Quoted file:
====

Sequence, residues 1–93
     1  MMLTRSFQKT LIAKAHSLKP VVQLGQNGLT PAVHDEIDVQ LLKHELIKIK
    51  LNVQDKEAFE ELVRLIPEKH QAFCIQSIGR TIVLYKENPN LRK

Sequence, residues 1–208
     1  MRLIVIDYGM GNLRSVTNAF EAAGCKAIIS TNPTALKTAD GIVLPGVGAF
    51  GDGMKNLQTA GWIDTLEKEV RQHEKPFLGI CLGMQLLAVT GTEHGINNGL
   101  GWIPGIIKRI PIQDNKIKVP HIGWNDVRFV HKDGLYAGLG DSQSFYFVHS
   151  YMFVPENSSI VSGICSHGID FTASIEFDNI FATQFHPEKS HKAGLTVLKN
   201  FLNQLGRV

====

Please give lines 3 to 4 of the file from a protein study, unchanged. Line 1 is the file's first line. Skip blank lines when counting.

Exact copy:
    51  LNVQDKEAFE ELVRLIPEKH QAFCIQSIGR TIVLYKENPN LRK

Sequence, residues 1–208